Greencastle's beloved Heritage Wall, located on the west side of Vine Street just south of Washington Street, is about to grow by one name.
At its recent annual meeting, The Heritage Preservation Society of Putnam County (HPS) honored the service of the late Donald Jack Cook, president and founder of the society, by dedicating a plaque in his memory to add to the wall.,
Society president Ken Eitel introduced Neal Abraham of DePauw University who reviewed Cook's influence in the college and community along with his wife Marion, who was present at the meeting. Abraham also commissioned an identical plaque honoring Cook to be installed at the Julian Science Center at DePauw.
Abraham reviewed Cook's arrival in Greencastle by train, his interview and subsequent employment with DePauw University lasting for 40 years.
"Jack Cook's deep interest in the student and chemistry made a lasting impression on generations of students. His commitments to chemistry, humanity, and preservation reached far beyond DePauw and Putnam County," Abraham said.
Eitel then noted Cook's influence on the community: "From the founding of the Heritage Preservation Society in 1976, Dr. and Mrs. Cook have seen the rescue and restoration of the historic Eli Lilly Drugstore building, the inventorying of significant structures and placement of the courthouse square on the National Register of Historic Landmarks, and raised the awareness for preserving the many historic family homes in the historic city center."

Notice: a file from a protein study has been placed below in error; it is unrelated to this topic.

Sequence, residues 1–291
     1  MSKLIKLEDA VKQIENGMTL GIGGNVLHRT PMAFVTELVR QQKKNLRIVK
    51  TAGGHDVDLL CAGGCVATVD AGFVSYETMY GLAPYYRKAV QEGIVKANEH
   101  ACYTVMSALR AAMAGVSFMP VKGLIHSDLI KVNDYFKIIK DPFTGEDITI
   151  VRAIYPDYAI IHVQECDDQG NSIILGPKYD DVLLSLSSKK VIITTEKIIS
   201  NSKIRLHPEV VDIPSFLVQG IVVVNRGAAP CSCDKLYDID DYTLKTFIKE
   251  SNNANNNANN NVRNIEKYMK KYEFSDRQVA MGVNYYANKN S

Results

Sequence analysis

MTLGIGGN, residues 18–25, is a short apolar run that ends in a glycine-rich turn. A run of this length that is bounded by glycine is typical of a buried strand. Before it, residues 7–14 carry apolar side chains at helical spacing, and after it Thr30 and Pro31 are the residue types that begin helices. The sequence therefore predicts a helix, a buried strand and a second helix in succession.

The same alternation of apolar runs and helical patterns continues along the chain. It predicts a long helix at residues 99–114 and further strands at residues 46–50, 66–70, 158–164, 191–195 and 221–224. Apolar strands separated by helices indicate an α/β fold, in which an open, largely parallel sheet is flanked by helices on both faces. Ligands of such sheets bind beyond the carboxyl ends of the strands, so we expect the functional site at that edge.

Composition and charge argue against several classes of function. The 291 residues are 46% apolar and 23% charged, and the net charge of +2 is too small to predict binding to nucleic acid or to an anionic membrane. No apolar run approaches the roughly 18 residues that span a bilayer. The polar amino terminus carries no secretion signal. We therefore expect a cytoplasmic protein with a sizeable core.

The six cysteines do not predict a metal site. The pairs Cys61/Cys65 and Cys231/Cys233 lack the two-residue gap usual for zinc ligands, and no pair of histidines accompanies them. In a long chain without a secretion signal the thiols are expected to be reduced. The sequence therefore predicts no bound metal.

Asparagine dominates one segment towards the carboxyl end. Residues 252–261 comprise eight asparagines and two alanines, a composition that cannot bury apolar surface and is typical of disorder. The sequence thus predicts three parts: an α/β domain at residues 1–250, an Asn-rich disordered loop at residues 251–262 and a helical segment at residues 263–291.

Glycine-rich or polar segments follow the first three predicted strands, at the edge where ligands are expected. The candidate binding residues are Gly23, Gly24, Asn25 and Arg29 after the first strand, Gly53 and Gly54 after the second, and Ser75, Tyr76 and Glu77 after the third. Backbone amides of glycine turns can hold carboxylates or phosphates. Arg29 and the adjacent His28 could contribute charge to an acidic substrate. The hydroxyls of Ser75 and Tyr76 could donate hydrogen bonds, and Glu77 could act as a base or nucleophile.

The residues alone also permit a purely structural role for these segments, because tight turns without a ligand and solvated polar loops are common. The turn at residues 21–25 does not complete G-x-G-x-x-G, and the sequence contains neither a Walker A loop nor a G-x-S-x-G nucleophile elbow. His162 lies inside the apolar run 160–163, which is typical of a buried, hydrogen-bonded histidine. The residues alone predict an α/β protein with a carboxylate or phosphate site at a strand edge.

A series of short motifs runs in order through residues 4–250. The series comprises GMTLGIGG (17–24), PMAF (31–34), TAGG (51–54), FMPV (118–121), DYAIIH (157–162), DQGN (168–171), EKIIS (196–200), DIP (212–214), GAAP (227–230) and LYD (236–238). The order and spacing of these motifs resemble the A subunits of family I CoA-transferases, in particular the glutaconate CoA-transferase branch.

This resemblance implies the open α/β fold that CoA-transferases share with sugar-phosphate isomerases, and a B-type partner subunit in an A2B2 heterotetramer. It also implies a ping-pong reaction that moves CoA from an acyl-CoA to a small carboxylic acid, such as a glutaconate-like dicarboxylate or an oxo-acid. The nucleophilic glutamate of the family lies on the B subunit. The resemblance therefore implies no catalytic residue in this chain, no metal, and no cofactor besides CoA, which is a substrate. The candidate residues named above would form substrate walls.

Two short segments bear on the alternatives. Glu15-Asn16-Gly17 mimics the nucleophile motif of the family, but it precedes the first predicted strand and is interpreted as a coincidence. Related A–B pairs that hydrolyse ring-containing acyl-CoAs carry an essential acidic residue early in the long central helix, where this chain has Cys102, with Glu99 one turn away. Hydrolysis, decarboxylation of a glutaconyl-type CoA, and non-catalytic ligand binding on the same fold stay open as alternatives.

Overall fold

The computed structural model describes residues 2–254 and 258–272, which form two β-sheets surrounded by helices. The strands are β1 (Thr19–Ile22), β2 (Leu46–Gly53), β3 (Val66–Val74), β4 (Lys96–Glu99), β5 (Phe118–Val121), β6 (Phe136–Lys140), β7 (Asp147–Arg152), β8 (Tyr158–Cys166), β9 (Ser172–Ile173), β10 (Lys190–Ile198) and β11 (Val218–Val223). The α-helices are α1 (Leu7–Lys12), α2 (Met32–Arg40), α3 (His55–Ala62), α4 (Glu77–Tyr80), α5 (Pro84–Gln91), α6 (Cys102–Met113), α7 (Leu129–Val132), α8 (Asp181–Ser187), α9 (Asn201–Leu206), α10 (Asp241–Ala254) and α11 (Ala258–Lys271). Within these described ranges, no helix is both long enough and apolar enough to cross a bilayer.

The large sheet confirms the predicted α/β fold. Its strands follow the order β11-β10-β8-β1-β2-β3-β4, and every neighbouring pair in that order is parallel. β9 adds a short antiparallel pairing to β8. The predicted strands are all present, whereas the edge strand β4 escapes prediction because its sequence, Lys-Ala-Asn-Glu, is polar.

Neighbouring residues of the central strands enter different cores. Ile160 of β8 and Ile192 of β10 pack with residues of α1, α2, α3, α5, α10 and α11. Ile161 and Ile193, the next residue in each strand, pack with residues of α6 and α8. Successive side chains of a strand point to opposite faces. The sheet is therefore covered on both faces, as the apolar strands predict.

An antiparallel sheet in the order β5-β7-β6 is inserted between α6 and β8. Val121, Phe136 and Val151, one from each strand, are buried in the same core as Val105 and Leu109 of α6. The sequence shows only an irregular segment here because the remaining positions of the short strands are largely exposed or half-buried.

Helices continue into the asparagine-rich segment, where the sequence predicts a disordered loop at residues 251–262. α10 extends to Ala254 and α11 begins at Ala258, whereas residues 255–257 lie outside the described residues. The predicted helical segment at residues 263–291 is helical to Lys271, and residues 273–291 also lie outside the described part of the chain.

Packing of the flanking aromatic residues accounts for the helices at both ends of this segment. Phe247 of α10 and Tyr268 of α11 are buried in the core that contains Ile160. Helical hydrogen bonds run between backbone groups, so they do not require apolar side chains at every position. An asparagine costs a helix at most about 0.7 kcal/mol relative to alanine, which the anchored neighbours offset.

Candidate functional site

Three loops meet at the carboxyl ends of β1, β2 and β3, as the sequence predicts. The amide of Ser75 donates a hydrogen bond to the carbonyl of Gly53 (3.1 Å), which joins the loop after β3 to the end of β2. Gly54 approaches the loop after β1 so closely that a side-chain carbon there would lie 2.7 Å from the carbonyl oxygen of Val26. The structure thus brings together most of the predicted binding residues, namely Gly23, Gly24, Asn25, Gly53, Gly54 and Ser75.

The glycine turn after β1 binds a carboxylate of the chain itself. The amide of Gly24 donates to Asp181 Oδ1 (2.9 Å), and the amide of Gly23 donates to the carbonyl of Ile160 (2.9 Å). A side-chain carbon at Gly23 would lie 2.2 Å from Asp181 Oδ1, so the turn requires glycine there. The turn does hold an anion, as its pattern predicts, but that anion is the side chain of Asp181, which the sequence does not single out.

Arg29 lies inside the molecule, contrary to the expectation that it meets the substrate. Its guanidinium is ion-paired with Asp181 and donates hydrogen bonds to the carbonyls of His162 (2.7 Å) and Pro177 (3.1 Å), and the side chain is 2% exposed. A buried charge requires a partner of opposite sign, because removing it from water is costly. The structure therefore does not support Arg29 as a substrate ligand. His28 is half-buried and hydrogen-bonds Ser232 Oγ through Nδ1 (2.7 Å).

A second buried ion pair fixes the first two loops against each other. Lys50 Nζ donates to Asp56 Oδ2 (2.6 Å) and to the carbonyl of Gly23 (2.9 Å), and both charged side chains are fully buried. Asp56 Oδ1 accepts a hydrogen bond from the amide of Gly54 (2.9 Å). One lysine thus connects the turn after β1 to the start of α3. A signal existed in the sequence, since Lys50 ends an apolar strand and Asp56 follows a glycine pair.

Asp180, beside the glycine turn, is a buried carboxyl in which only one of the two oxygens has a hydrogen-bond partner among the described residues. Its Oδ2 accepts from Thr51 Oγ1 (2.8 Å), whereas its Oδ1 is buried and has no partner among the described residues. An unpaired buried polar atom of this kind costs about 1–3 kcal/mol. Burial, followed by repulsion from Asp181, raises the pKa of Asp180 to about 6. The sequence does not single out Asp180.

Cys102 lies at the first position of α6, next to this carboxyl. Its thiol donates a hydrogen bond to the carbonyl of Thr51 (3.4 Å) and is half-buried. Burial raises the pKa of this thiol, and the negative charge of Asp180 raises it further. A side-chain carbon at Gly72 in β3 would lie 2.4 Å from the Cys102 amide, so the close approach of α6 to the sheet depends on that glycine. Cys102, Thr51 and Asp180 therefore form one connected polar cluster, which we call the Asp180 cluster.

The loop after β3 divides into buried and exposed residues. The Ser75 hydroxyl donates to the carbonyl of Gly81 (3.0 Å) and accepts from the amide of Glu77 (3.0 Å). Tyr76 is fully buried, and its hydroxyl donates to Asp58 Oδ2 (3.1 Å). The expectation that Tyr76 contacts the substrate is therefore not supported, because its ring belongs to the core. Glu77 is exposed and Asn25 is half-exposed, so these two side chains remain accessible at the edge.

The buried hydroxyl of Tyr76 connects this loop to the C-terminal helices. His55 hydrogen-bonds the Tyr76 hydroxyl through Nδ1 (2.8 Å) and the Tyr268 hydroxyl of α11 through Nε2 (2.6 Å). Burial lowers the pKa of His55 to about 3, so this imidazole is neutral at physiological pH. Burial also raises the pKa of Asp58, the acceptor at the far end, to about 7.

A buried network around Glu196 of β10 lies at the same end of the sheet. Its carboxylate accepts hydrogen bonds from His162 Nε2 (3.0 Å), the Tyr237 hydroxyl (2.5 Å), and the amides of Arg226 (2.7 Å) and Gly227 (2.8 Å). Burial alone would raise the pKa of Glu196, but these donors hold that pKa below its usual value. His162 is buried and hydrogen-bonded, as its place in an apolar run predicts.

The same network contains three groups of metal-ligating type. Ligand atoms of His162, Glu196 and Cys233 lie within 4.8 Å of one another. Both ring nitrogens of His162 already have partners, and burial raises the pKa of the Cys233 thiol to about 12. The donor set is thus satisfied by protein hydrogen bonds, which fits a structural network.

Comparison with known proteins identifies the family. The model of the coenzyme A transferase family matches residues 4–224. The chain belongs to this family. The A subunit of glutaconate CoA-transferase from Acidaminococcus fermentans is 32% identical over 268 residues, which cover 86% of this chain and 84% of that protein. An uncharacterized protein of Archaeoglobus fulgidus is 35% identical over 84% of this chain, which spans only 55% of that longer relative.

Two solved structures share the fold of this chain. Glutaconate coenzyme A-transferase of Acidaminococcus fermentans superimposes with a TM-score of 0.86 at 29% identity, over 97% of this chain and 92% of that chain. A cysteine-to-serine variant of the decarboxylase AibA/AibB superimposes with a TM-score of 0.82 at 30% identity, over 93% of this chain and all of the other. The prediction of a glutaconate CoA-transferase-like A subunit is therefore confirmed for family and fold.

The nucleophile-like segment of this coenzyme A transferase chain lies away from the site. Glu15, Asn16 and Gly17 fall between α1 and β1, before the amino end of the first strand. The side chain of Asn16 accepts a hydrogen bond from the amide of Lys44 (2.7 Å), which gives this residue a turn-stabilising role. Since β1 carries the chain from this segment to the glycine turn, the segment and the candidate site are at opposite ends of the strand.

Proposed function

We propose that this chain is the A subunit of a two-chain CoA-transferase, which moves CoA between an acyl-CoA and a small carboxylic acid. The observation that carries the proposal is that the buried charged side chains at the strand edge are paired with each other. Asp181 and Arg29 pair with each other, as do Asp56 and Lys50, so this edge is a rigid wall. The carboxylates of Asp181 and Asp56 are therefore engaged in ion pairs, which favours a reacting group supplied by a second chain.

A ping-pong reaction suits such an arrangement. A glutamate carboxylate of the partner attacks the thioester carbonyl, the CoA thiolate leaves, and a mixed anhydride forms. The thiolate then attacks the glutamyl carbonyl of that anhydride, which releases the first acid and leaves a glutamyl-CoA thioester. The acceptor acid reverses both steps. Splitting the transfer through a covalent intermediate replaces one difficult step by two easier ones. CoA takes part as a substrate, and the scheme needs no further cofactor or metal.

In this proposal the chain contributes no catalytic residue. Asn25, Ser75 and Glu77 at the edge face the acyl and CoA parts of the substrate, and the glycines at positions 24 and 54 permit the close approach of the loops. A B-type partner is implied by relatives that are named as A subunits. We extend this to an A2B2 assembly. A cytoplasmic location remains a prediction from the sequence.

In other business, members of the HPS were elected to 2007 board positions: Jenny Artis, Paul Bottorff, Anne Clark, Ken Eitel, Jim Ensley, Ken Heeke, Linda Mann, Bob Matthews, Ann Phipps, Harold Spicer, Lee Stewart and Lawrence Taylor.
Eitel reported membership in the society now exceeds 100 individuals, businesses, and organizations. Goals for the year include preserving the many records left from the past 30 years since the group's founding in 1976; investigating the saving and relocating a log cabin in southern Putnam County; raising public awareness of importance of preservation; and continued expansion and care of the Heritage Wall.
In reviewing the history of the organization's impact since 1976 Eitel said, "as a community and organization we should be greatly concerned -- just as Cook and those past preservationists were -- about the future of our historic city center neighborhoods, including the Courthouse Square.
"At a time when developers are building new towns (the New Urbanism), our communities have so much more than the new models,'' Eitel cautioned. "It could vanish before our eyes unless we care; it is citizens and active organizations like HPS that make a difference between reproductions and the 'real' thing."